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BRITAIN’S health service is severely under-equipped even before the coronavirus outbreak makes it full impact felt, the latest NHS performance statistics revealed today.
In January, the occupancy rate for adult critical care beds was 83 per cent, up from 75.3 per cent the previous month.
Some 1.5 million A&E patients were admitted within the targeted four-hour waiting time, a 4.5 per cent decrease on last year.
There were 78,656 instances in which patients waited over four hours from the decision to admit to admission, including 1,621 involving delays of more than 12 hours.
Health campaigners said the figures raise “extremely worrying questions” about the ability of the NHS to cope with the Covid-19 pandemic.
Patients waiting for longer periods in busy departments where others are infected will only add to the public health hazard and the stress on staff, they pointed out.
Keep Our NHS Public co-chairman Dr Tony O’Sullivan said: “Reports from Italian healthcare staff are alarming, and their health service has far more capacity than ours.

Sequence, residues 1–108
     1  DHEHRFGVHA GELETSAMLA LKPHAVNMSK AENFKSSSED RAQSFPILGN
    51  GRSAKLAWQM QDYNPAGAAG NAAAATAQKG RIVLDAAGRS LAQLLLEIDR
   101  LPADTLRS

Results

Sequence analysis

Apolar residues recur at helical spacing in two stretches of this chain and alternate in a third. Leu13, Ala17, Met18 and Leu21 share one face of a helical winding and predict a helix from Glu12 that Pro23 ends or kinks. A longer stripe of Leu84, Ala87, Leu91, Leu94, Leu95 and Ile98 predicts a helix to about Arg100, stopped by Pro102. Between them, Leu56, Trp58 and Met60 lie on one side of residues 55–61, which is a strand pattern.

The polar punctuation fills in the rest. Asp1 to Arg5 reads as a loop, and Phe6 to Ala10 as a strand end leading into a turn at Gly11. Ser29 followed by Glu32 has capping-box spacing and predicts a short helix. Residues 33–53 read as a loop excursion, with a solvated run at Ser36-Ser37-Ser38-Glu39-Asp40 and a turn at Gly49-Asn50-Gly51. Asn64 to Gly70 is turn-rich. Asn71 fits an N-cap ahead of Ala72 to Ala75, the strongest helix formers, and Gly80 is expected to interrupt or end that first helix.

“It is not an acceptable policy to have neglected the health service for the past decade but now expect it to be able to effectively deal with this kind of emergency.
“Many hospitals already operate at close to 100 per cent capacity and rota gaps are the norm.
“Through their underfunding and understaffing, the government have put the health of the public at risk and set our NHS staff up to fail – many do not even have adequate clothing protection to deal with the outbreak.”
Data from Italy indicates that 10 per cent of admitted patients have required intensive care and doctors there are now having to prioritise cases according to the likelihood of survival.
Britain is ranked at only number 24 out of 31 European countries in the league table for critical care beds, and the current 41,000 are almost always full.
Labour’s shadow chancellor John McDonnell told the Commons today that it was “now overwhelmingly clear that no government can inflict a decade of cuts and austerity on our public services without impacting upon their resilience in a time of crisis.
“It shouldn’t take a crisis to secure for the NHS the resources it needs,” he added.
Publication of the figures coincides with NHS England telling hospitals to consider suspending non-emergency operations so that more beds and staff are available to tackle the virus.
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